Rating: 8 / Format: CD / Label: Highpoint Lowlife
The Village Orchestra is one of the various recording aliases of Ruaridh Law, a Glaswegian musician who’s a member of cult underground techno act Marcia Blaine School for Girls and a resident at the city’s infamous Numbers clubnight. He’s had at least five musical projects on the go in recent years, but lately the broken, monotone out-tronica he makes as The Village Orchestra seems to have become his priority again. In January he released The Dark is Rising, the first Village Orchestra record since 2006’s The-King-Of-All-Tears, and now follows it with a new full-length for Highpoint Lowlife, sometime home of Gravious, 10-20 and Hot City.
Where as The Dark is Rising saw Law indulge his house side, Sirens is largely beatless (the pulse patterns that do form are closer to Morse Code than 4×4), taking the form of one sixty minute atmospheric piece, designed as a live soundtrack to the first episode of MDP Psycho, a TV series directed by Takashi Miike (the director of Audition, Ichii the Killer, etc). There’s a lot of rain, there’s distant crackles, chimes and whirs, and rising, looped melodies that appear like rainbows after a storm: at half an hour in, when most of the rain’s subsided, you’re left with a passage genuinely up there with the best of loop music God William Basinski.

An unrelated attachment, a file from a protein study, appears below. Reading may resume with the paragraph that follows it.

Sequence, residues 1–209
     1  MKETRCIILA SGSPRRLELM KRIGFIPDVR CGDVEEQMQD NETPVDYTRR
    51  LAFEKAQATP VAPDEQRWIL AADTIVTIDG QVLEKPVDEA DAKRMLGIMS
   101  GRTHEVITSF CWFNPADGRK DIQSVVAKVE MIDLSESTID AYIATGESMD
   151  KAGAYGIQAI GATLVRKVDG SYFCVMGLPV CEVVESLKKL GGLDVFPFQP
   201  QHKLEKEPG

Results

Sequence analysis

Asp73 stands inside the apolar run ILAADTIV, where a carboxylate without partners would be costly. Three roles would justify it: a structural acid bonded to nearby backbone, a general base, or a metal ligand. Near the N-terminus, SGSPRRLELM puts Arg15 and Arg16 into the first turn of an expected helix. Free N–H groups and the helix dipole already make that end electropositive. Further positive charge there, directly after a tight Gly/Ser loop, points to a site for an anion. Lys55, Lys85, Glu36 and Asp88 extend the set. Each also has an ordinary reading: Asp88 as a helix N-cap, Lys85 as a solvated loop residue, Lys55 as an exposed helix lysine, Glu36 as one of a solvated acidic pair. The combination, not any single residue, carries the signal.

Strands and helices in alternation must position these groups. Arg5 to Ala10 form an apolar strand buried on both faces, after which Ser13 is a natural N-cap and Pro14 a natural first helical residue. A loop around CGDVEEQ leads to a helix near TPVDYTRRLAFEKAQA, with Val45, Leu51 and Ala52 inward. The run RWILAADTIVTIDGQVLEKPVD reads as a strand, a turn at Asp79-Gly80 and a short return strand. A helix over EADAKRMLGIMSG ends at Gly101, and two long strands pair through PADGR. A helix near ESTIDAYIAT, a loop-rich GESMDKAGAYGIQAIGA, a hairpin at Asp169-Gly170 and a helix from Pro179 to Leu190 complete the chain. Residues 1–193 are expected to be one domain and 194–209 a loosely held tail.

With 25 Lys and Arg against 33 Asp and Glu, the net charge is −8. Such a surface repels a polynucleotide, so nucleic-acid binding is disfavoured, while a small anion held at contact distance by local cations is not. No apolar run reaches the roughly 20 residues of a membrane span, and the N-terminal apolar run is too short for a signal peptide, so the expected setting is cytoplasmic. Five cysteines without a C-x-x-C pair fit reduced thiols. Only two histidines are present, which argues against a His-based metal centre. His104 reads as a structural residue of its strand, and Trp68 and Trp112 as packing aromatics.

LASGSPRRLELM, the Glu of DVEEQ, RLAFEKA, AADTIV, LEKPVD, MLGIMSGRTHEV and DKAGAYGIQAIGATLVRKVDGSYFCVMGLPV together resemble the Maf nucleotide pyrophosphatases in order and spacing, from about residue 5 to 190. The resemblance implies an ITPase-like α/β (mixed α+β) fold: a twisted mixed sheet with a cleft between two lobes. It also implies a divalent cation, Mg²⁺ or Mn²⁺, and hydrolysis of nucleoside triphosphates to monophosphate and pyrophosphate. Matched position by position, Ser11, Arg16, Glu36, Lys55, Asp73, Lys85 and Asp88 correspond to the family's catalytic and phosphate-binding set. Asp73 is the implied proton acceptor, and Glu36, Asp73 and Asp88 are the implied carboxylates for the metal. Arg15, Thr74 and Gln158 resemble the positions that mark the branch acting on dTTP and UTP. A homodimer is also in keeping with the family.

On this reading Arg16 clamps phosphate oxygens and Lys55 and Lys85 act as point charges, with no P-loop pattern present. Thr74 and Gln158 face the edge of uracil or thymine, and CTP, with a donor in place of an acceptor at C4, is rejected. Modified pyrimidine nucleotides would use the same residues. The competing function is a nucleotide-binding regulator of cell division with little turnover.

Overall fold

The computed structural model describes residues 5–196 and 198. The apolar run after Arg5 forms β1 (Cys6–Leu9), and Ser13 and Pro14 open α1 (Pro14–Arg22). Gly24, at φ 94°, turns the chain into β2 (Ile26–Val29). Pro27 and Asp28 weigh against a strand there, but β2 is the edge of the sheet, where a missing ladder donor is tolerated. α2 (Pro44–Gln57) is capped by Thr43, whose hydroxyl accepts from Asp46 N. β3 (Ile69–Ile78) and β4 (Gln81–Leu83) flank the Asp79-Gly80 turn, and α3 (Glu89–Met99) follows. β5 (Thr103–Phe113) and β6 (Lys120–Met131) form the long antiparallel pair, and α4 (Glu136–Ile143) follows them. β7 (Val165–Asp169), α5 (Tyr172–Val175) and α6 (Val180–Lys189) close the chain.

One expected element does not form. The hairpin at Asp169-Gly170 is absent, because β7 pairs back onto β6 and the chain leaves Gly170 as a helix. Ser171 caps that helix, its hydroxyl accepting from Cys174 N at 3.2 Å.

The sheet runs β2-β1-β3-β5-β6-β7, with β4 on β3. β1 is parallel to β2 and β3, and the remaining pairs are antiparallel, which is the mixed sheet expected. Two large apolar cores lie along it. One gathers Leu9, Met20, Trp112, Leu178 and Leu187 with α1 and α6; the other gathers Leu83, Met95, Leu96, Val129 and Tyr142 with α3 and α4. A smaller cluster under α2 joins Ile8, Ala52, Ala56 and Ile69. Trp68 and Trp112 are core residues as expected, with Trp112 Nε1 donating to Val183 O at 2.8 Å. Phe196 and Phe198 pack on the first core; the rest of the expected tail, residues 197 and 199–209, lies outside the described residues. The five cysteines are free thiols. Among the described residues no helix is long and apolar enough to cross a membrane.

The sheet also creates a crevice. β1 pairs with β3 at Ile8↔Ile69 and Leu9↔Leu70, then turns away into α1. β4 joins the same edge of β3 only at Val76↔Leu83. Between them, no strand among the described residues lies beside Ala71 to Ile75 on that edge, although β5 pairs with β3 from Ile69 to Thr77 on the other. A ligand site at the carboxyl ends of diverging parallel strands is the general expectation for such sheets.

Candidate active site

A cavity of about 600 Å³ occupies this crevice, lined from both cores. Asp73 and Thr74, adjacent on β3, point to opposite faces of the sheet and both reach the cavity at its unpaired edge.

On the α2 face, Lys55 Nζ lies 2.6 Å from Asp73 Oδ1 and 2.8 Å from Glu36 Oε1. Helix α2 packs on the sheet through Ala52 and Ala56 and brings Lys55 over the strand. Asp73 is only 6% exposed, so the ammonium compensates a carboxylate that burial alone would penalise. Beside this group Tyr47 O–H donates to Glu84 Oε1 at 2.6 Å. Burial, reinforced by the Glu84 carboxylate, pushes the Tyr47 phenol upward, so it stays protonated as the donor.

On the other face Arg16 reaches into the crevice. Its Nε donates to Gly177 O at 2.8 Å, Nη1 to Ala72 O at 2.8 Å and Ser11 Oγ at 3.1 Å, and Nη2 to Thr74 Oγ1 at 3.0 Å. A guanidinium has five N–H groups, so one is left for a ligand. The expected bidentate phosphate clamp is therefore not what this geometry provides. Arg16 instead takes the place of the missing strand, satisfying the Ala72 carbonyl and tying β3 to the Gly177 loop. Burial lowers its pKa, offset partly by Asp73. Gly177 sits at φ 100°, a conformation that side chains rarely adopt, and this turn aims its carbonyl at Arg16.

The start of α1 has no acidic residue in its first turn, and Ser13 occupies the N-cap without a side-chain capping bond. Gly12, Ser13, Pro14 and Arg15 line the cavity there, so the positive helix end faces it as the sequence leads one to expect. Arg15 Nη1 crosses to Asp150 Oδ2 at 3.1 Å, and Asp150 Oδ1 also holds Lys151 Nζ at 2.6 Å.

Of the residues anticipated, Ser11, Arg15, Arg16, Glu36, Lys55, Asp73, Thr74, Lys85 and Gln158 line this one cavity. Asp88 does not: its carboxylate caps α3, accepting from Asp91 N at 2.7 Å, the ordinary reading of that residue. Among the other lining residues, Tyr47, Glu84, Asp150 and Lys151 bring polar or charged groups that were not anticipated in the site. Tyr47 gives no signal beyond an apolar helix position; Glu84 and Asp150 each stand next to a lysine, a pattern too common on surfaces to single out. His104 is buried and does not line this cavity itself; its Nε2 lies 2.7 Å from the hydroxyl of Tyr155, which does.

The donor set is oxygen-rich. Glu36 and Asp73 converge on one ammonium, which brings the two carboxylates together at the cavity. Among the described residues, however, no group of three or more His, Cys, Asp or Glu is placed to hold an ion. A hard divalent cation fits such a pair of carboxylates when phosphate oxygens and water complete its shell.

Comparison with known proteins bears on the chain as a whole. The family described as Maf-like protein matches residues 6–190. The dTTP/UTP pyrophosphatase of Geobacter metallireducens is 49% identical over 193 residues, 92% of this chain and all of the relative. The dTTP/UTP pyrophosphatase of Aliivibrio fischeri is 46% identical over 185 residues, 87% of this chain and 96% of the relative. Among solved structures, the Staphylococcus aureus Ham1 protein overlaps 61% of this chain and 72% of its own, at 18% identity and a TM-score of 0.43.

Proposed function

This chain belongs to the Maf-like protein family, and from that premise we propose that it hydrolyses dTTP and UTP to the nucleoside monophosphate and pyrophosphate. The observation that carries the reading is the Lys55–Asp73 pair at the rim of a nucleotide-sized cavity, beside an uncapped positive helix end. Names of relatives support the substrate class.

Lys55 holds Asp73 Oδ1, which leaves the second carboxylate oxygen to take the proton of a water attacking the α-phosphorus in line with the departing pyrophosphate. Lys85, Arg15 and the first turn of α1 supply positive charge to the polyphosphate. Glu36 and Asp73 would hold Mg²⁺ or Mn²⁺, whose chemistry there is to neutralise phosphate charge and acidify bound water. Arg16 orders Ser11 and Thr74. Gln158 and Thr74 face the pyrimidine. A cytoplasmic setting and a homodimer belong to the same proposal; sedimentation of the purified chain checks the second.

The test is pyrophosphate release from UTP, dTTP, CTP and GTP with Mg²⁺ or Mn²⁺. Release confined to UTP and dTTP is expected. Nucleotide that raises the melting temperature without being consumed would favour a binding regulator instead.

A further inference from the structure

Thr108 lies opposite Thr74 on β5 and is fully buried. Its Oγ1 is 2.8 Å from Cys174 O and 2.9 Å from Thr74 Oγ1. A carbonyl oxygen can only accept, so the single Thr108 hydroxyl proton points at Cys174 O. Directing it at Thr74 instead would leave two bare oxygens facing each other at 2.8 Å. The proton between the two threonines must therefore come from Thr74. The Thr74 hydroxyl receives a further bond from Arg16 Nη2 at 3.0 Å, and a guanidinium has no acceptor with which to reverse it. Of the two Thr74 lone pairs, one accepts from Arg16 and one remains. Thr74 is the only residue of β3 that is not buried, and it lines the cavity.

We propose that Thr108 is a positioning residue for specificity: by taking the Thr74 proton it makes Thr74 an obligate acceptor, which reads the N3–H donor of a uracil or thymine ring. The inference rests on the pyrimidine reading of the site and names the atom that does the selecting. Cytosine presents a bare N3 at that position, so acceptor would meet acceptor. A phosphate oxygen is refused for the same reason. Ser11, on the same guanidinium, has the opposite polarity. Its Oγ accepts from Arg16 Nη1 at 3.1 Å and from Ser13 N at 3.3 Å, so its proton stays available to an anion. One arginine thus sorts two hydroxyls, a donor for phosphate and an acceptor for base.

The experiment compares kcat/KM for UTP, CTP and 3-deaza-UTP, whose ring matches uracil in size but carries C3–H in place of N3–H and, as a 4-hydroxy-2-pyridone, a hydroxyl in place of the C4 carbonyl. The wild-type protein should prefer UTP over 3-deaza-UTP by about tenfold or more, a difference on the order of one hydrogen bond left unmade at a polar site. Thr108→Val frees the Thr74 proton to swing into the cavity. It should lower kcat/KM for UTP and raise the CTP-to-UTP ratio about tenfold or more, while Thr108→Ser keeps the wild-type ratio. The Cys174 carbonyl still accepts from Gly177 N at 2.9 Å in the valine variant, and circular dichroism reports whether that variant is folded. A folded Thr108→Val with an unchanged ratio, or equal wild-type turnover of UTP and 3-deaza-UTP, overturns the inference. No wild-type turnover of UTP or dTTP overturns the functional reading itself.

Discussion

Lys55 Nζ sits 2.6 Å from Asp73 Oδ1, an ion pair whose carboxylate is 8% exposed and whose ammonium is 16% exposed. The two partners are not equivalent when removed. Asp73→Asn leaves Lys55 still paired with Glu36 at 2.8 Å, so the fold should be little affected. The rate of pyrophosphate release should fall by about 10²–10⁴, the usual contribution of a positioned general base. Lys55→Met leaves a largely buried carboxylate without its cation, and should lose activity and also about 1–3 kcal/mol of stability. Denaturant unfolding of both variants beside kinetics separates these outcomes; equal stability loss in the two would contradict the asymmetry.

Most memorably, at semi-regular intervals a folk song comes in, cut up and reversed, only to fade out after a minute or so. It wouldn’t sound out of place on The Books’ The Lemon of Pink, and it’s so close to perfection that by the time the record’s finished and the song’s disappeared into the icy fog last time, you realise it was a bit too good to last. I Can Hear the Sirens is one of the year’s most distinct and measured albums, and although its peaks (that Basinski-esque loop section and the folk song) are very clear and the context to them isn’t always memorable, it’s more replayable than most records of this ilk, and shouldn’t slip through the cracks like a lot of modern ambient can.